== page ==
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Old Testament Notes

The Book of Job

Job - Although the Book of Job recounts the sufferings of Job, and his eventual vindication, the Book is not classed as History, but as one of the Books of Wisdom Literature in the Old Testament.

Job 1:1 - It is not known for certain where the land of Uz was situated, but it was probably east of Israel. Lamentations 4:21 says that the "daughter of Edom" lived in Uz; the Edomites, descendents of Esau settled to the East of the Dead Sea. This region would also fit with the accounts in Job 1:15 and 1:17 which describe attacks by the Sabeans (who lived in Arabia, to the south), and the Chaldeans (from Mesopotamia, to the east).
Job 1:6 - the "sons of God" here probably refers to the heavenly court of angels.
Job 1:6 - "Satan" in Hebrew means the "Accuser"
Job 2:9 - "Curse God, and die" Job's wife believed that if Job cursed God, God would strike him dead. She thought it would be better to be dead than to be suffering so much.
Job 2:10 - the Hebrews knew that God was ultimatley in control of everything. They did not necessarily think that God sent or caused bad things for them, but that He permitted such things to happen.
Job 2:11 - Eliphaz the Temanite was probably a descendent of Esau, whose eldest son had also been named Eliphaz, and who founded the clan of Teman (Gen 36:10-11 & 15). Bildad may also have been an Edomite ("dad" was the name of an Edomite god); the Shuhites may have been descended from Shuah, one of the sons Keturah bore Abraham (Gen. 25:1-2). Little is known about the family or the homeland of Zophar the Naamathite; the Septuagint (early Greek translation, dating from ca. 255 BC) refers to him as "Sophar the Minaean" - the Minaeans were a people who lived in Arabia and traded throught the Middle East (NB - NOT the same people as the Minoans of early Hellenic culture).
Job, chapters 3-11 - the first cycle of speeches - Eliphaz, Bildad, and Zophar all reply in turn to Job's struggle with his circumstances.
Job, chapters 4 & 5 - the gist of Eliphaz' speech seems to be that Job needs to take some of the advice he has given to others in adversity (4:3-6); that Job must have sinned, because if he were innocent he would not be in trouble (4:7-9); that Job has probably not been seeking God (5:8), and that God is sending the troubles as a form of correction (5:17)
Job, chapters 6 & 7 - Job wishes that he were already dead (6:8-9), and tells Eliphaz that he doen't need correction but sympathy (6:14), that he isn't lying when he says he has not spoken iniquity (6:28-30), and that he wishes God would pardon whatever he may have done wrong (7:19-21)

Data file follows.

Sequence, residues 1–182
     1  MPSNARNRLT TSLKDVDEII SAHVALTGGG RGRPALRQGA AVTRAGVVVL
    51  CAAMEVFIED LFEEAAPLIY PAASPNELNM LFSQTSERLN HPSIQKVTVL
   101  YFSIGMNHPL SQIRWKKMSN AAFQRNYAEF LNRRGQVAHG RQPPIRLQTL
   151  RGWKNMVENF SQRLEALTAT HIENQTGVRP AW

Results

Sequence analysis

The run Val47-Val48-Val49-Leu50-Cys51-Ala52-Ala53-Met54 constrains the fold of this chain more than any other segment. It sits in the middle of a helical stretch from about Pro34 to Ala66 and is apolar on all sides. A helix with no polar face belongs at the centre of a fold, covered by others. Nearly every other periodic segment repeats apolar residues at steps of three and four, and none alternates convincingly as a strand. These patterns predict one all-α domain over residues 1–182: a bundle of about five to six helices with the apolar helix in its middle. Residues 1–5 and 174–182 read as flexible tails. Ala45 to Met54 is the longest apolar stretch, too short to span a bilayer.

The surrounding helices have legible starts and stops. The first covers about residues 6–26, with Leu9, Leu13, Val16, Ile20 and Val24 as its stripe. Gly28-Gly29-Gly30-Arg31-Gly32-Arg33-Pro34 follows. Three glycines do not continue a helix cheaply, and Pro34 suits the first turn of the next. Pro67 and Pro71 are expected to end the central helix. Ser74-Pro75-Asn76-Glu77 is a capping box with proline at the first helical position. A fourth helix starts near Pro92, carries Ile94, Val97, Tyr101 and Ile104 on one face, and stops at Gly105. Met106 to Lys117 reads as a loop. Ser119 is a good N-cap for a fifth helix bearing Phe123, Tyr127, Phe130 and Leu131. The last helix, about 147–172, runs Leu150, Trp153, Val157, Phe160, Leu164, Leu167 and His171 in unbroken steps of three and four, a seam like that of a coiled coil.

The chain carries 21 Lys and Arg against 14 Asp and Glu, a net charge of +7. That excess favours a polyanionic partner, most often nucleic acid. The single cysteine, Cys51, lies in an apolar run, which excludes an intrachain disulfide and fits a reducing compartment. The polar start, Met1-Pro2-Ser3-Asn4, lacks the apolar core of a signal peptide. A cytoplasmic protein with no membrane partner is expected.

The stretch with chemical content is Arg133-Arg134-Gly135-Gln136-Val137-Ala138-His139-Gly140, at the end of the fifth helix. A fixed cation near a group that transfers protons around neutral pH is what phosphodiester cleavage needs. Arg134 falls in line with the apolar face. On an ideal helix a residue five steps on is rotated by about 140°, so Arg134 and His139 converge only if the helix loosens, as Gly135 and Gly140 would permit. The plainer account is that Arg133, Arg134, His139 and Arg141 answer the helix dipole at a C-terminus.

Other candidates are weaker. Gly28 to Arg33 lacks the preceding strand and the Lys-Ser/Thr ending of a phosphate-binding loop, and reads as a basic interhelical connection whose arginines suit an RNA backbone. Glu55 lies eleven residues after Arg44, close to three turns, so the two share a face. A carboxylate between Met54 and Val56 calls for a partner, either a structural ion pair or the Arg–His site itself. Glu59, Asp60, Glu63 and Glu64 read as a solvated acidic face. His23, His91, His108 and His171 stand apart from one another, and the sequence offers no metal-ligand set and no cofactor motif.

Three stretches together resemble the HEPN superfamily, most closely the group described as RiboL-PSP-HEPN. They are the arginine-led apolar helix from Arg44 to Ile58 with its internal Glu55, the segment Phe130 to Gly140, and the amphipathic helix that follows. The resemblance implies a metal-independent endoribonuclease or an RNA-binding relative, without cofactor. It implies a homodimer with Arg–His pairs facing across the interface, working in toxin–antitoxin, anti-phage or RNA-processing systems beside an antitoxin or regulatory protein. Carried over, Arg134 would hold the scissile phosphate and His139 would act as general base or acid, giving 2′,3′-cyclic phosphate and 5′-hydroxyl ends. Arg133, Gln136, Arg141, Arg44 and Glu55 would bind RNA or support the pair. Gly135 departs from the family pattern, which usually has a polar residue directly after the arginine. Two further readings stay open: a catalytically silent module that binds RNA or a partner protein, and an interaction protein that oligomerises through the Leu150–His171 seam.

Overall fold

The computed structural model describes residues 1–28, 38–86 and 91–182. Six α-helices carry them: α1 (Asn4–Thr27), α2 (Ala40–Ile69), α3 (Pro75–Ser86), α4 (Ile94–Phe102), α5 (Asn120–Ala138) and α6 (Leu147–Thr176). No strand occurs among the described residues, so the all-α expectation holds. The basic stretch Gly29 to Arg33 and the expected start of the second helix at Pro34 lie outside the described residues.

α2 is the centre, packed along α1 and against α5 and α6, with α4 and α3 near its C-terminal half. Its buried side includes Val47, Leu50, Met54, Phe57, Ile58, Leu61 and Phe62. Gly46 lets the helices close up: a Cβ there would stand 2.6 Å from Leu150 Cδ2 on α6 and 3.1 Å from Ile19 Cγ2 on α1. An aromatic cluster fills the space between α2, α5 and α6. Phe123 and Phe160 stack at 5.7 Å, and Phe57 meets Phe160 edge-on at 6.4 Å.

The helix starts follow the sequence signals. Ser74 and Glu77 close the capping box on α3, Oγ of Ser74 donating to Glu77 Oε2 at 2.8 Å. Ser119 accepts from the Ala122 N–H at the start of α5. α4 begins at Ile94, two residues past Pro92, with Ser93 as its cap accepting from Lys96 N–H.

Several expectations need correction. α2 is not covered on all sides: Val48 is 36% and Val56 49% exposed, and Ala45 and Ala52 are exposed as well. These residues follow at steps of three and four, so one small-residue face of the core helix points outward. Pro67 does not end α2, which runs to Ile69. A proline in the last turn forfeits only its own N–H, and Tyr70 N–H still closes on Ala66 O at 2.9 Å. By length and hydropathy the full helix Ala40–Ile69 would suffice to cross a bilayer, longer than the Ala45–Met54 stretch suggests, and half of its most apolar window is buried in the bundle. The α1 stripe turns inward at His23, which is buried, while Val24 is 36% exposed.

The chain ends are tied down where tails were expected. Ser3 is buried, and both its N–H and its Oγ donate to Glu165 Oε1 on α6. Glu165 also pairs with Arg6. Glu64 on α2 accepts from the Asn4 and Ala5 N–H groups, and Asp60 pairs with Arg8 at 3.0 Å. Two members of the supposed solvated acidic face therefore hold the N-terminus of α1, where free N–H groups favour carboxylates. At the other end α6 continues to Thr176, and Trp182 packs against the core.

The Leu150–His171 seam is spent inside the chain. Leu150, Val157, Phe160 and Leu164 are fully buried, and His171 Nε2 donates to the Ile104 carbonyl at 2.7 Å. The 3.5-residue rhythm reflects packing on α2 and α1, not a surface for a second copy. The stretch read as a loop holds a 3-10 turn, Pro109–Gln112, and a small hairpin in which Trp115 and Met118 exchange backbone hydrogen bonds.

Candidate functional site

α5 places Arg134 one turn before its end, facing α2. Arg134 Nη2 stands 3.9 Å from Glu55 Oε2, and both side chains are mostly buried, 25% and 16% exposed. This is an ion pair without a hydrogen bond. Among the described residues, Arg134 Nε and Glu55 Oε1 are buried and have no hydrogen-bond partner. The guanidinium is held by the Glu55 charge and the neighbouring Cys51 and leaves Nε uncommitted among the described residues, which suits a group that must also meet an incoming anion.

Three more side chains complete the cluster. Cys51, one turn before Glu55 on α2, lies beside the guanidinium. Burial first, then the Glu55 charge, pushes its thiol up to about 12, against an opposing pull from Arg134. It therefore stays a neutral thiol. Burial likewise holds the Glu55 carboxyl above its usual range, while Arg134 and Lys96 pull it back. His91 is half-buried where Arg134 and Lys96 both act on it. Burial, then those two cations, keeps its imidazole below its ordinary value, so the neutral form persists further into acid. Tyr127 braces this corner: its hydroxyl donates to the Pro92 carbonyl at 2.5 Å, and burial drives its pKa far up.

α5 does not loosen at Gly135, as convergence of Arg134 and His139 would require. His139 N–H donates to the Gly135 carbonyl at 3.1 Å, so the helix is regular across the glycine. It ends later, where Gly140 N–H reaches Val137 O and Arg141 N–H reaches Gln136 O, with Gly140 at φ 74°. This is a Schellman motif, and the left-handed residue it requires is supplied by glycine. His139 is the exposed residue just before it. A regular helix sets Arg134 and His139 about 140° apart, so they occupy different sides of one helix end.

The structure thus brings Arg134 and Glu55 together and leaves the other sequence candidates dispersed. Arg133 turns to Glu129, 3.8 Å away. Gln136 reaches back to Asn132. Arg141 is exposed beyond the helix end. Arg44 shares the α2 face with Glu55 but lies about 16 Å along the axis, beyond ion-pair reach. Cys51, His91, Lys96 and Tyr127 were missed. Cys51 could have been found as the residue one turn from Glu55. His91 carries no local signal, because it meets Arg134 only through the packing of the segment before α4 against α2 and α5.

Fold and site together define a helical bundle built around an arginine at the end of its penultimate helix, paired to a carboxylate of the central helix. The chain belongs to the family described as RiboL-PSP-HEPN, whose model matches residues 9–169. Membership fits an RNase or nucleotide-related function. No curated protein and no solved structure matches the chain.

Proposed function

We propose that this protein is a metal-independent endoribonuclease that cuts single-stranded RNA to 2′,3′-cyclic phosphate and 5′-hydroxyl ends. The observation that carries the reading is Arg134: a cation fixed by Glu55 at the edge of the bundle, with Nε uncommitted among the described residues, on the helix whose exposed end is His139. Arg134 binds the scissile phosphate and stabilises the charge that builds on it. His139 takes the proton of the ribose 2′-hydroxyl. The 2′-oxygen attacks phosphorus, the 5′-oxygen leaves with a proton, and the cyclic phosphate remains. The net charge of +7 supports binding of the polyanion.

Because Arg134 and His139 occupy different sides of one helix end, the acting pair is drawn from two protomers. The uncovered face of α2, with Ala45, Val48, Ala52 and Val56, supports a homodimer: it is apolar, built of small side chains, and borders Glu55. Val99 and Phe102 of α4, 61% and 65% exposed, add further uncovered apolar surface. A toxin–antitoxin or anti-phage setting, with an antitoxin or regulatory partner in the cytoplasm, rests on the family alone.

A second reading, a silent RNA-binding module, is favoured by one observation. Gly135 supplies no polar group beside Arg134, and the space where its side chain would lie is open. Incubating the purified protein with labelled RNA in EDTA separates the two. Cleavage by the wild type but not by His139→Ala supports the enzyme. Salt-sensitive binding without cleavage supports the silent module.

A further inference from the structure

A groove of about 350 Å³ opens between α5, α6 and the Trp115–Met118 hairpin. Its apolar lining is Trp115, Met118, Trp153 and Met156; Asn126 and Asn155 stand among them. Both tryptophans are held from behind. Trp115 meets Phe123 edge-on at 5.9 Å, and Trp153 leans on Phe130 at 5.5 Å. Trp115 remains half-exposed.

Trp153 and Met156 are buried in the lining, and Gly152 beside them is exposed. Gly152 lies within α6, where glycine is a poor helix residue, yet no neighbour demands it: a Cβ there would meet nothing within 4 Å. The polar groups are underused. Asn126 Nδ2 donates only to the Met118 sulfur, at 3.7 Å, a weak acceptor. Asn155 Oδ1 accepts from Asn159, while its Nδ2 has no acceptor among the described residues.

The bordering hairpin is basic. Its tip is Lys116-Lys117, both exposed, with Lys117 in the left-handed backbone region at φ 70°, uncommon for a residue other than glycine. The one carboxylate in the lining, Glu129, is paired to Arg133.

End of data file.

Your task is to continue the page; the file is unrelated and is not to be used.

Job, chapter 8 - Bildad tells Job that his children must have sinned, and that was why they were killed (Bildad thinks that God destroyed them) (8:4); he also says that if Job were to get right with God, then God would look after him (8:5-6)
Job, chapters 9 & 10 - Job tells Bildad that man by himself cannot get himself right with God (10:2), and then leads into a meditation on the mighty power of God and the great gulf between God's standards and man's estate.
Job, chapter 11 - Zophar calls Job a liar (11:3) who is claiming to be without sin (11:4), and tells him that he deserves even worse troubles than he already has (11:6). He tells Job that if he would only repent (11:13-14) and pray to God then everything would come out all right (11:16-19)
Job, chapters 12-20 - the second cycle of speeches, in which Eliphaz, Bildad and Zophar repeat the mechanical view that trouble happens to people who are wicked, so therefore anyone in trouble must have done something bad.
Job, chapters 12, 13, & 14 - Job tells his friends that he knows as well as they do that good things should happen to good people and bad things to bad people, but points out that in practice sometimes bad people have a soft life, and good people a hard one. Job tells his friends that they would be wise just to stop arguing (13:5), and reproves them for saying that God automatically gives good for good and bad for bad (13:7-8). Then he declares that he will trust God no matter what befalls him (13:15), and that he wants to know what he did wrong (13:23). He reminds God how frail is mankind (14:1-5) and asks God to let him die (14:13)